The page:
The report highlights the limitations of Public Health England’s report on fracking, including the fact that it was narrow in scope and failed to critically assess the adequacy and reliability of the regulatory system.
Working with various experts in energy policy and climate change, Medact’s report also describes how shale gas produces a level of GHG emissions that is incompatible with the UK’s commitments to address climate change.”
The United Kingdom (UK) is presently set to expand ‘hydraulic fracturing’ of shale formations (‘fracking’) as a means of extracting unconventional gas. Proponents of fracking have argued that it can be conducted safely and will bring benefits in the form of: a) energy that is cleaner in climate terms than coal and oil; b) greater energy security; c) lower energy prices; d) more energy diversity and competition; and e) local employment and economic development. However, fracking has proven to be controversial and there are serious concerns about its safety and impact on the environment.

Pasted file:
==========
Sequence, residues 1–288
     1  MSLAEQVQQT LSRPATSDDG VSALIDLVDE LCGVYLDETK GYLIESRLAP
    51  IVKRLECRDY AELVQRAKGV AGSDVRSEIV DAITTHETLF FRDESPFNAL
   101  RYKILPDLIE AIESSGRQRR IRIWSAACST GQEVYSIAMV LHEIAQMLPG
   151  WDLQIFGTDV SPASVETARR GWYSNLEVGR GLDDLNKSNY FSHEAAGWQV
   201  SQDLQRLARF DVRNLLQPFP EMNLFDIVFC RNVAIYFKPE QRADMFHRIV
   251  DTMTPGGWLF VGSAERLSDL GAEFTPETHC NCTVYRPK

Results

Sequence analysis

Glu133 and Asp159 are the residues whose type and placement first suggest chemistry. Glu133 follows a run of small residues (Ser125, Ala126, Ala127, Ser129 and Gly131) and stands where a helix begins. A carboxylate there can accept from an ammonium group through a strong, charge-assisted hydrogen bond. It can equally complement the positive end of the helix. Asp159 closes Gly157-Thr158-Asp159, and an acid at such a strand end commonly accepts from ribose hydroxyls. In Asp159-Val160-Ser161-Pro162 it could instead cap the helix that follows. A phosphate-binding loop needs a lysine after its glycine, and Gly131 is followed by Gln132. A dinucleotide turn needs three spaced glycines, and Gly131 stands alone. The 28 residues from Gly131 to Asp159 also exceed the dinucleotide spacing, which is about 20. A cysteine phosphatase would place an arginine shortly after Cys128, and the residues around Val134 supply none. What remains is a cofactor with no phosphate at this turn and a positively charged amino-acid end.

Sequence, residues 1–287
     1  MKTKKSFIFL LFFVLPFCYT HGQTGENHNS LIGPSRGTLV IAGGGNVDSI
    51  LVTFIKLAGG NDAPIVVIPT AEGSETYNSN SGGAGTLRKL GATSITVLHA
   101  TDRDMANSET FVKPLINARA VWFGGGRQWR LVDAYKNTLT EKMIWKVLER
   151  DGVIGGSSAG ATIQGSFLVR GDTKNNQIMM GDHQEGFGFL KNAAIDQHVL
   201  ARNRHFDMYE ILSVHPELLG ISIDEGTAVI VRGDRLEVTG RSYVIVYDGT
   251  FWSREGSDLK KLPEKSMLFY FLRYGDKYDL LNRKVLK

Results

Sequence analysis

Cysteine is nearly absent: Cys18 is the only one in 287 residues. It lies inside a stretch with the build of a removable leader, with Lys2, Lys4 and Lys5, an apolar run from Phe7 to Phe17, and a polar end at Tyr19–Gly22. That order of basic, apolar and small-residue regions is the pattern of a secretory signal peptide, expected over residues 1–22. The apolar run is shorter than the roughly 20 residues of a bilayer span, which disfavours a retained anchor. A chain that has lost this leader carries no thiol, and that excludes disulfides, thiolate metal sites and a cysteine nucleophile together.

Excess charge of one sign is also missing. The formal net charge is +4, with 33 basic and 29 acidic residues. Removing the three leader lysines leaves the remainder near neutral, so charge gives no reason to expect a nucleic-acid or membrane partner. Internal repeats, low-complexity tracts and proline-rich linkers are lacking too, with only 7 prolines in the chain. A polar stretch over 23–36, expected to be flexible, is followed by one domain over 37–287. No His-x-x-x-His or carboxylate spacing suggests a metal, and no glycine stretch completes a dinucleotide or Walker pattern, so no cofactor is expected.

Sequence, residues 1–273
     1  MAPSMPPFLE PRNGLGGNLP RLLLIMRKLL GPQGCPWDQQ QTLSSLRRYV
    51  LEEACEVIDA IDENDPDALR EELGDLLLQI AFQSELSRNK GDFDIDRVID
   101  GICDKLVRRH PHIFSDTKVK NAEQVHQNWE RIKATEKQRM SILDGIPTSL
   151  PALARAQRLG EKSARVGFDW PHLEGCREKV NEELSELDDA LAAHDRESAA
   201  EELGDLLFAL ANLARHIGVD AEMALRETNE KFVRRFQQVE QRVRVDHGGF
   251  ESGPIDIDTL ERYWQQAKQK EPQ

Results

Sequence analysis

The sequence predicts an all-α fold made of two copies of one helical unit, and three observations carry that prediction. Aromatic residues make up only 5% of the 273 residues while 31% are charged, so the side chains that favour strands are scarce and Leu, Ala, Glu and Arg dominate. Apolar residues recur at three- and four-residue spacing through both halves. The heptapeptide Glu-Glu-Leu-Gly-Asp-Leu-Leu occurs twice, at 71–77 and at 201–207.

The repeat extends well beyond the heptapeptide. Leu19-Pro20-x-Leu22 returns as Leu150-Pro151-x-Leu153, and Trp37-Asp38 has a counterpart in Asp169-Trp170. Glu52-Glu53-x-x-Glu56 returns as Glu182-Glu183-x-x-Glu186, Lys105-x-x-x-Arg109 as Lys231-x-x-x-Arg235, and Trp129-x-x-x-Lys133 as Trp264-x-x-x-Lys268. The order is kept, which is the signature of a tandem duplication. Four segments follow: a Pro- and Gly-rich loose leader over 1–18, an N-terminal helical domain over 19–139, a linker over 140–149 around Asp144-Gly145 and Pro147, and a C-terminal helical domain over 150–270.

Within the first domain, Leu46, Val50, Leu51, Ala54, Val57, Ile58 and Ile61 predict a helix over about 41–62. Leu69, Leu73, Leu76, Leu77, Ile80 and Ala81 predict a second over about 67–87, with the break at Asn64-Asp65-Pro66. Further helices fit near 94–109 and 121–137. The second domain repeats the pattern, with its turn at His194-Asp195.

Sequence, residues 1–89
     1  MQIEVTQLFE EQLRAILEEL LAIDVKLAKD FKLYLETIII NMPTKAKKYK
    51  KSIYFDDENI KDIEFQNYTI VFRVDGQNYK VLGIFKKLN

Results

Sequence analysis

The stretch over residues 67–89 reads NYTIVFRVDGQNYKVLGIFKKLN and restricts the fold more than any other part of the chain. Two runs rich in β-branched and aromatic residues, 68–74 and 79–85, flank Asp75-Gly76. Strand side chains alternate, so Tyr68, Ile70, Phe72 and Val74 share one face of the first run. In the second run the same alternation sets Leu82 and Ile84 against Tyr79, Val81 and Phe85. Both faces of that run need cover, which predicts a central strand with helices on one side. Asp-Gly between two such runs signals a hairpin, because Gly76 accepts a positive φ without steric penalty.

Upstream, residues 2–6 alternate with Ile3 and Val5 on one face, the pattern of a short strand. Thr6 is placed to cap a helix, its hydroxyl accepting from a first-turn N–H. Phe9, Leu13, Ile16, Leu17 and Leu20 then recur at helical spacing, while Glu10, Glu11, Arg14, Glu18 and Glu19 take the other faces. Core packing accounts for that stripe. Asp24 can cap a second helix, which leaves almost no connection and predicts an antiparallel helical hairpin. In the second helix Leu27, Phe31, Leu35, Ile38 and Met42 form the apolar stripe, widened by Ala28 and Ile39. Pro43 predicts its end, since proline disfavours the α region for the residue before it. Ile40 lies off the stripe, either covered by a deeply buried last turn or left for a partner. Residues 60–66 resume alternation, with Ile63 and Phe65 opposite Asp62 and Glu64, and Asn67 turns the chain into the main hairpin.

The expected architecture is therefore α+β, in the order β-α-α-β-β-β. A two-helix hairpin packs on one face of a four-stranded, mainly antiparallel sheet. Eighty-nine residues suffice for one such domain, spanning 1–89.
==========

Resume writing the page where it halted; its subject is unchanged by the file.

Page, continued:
This report reviews fracking and its associated activities through a comprehensive public health lens. It examines the direct and immediate effects of fracking on health; the adequacy and capacity of the regulatory system; and the relationship between fracking and climate change.
It builds on a number of existing reviews of the evidence and interviews with various academics and experts (in the UK and abroad). Medact also requested short papers in particular subject areas to inform the production of this report. Given that much of the literature about fracking has been derived from experience in the United States (US), this report also highlights the specific features of the UK that need to be considered.